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David A Graves

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Apr 3, 1992, 8:19:05 PM4/3/92
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Rec.arts.int-fiction is a newsgroup for discussion of interactive fiction
(IF). We do talk about adventure games here, but the discussions are from the
viewpoint of "the advancement of Interactive Fiction". Discussions range from
Adventure games and Interactive Fantasy to Hypertext, with emphasis on the
development of IF as a new literary genre and/or a new form of computer-based
art/entertainment.

Please don't post questions about adventure game puzzles to this notes group,
as it was set up only for discussions of the development of the IF genre.
Please post your queries about specific Adventure game puzzles only to
rec.games.misc, where they are more likely to get a favorable response.
Discussions of MUDs (multi-user domains) belong on rec.games.mud.

Some recommended background reading on interactive fiction includes:

Laurel, Brenda. "Towards the Design of a Computer-based Interactive Fantasy
System" (Ohio State University 1986) See also her "Computers as Theatre"
(1991, Addison-Wesley Publishing Co, ISBN 0-201-51048-0). This book extends
the work that Laurel began in her PhD dissertation.

Meehan, James. "The Metanovel: Writing Stories by Computer" (Yale 1976)
Meehan used the natural language technology of Roger Schank's Yale group
to construct some primitive Aesop's fables.

Buckles, Mary Ann. "Interactive Fiction: the Computer Storygame
'Adventure'" (University of California at San Diego, 1985)

These three are PhD dissertations available for ~$50 each from University
Microfilms 800-521-0600. Inter-library loan might work, too.

The following are also recommended:

Lebowitz, Michael. "Creating Characters in a Story-Telling Universe"
Poetics, 13, 171-194. (1984)

Thurber, Macy & Pope. "The Book, the Computer and the Humanities"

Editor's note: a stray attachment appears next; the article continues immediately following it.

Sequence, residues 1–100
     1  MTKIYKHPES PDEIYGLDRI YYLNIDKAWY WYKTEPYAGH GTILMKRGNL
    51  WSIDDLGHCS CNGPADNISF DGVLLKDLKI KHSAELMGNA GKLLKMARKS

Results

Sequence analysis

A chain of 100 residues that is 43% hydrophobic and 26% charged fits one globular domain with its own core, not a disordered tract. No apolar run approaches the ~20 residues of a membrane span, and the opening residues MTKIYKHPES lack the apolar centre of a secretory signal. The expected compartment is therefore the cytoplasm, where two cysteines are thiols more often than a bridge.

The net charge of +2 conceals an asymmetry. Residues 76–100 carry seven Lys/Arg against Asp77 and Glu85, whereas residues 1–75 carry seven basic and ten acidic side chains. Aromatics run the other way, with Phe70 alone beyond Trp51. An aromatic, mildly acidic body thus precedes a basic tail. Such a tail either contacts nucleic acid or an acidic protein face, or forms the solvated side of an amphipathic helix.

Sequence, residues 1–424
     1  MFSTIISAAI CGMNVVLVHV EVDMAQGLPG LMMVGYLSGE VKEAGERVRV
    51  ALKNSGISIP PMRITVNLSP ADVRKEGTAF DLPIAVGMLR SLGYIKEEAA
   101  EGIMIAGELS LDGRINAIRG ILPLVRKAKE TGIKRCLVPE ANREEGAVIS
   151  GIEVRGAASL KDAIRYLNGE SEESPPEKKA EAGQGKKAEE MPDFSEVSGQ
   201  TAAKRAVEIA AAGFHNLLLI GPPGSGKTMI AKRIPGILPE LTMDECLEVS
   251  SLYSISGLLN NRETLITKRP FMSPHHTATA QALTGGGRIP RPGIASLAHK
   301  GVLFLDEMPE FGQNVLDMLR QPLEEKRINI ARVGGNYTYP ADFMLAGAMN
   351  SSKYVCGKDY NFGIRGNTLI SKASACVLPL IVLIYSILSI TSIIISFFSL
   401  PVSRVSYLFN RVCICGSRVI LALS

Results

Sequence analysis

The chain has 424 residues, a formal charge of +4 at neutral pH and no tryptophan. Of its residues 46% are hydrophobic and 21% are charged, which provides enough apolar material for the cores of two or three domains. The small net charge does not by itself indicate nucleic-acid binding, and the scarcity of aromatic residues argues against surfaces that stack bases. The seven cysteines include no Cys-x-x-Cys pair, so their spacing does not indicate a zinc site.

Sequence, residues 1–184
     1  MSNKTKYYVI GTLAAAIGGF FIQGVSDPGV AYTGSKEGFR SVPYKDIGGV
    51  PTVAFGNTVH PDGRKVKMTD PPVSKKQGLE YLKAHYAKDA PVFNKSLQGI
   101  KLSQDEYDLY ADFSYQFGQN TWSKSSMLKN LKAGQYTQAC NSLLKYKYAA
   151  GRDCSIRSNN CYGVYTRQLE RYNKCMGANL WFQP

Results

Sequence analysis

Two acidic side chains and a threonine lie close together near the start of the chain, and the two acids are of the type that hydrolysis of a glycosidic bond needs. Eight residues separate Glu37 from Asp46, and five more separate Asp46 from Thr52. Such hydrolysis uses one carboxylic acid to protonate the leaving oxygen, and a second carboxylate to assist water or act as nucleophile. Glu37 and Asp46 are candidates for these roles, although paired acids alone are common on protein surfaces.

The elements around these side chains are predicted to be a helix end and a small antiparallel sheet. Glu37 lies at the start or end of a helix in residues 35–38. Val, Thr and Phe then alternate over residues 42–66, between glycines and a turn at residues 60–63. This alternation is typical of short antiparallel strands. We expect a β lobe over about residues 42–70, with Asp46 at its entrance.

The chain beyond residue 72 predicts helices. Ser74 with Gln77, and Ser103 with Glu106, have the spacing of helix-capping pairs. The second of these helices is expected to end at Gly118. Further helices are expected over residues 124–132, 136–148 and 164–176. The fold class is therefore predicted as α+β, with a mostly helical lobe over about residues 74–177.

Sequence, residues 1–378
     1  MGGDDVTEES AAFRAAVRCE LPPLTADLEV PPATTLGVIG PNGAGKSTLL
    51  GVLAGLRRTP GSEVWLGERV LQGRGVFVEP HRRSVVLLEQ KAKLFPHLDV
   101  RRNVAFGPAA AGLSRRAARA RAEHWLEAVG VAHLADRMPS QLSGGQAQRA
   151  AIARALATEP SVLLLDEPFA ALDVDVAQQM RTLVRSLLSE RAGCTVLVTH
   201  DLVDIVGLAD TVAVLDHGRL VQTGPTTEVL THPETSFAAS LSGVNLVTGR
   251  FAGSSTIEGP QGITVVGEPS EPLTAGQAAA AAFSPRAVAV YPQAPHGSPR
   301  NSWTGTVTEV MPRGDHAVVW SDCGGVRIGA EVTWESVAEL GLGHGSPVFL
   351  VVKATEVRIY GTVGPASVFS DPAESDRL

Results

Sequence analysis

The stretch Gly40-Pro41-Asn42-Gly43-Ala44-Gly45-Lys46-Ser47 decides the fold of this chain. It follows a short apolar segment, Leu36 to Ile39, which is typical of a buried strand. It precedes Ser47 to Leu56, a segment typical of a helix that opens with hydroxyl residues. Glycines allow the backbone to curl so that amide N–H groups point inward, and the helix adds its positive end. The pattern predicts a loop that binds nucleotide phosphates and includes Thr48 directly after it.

(Aug '91 issue of T.H.E. Journal (Technology in Higher Education)
Discusses a project to foster critical thinking using a computer with
hypertext and interactive elements becomes a humanistic new medium.

Classics on the analysis of plots:

Polti, Georges. "The Thiry-Six Dramatic Situations" (1916). Boston: The
Writer, Inc. 617-423-3157. ~$10. This is really quite unique and brilliant,
identifying a truly interesting and challenging subset of story-outlines
useful in developing a plot knowledge base.

Propp, Vladimir. "Morphology of the Folk Tale" (1968). University of
Texas Press, Austin. Written about the same time as Polti's analysis.

Artcom (electronic) Magazine #43 and 44 were devoted to IF. These two
back issues are available by e-mail. Send requests to d...@cup.hp.com,
with Subject: ArtCom.

I have published a few papers on Interactive Fiction technology, which I make
available by e-mail. They are: "Second Generation Adventure Games" (which
focuses on the physical world model, parsing, text generation, and simple
agent planning), "Bringing Characters to Life" (which sumarizes the progress
in Artificial Personality over the last two decades), and "Plot Automation"
based on my presentation at the Computer Game Developer's Conference in spring
of '91. To receive all three papers, send mail to d...@cup.hp.com, with
Subject: Papers.

The Oz Project, directed by Joseph Bates at the Carnegie-Mellon School of
Computer Science is developing technology for high quality interactive
fiction. Their goal is to provide users with the experience of living in
a dramatically interesting simulated world that includes simulated people.
Their focus is on the simulations behind the interface, which they call
the deep structure of virtual reality.

If you are interested in Artificial Life you can subscribe to a separate
mailing list via: alife-...@cognet.ucla.edu

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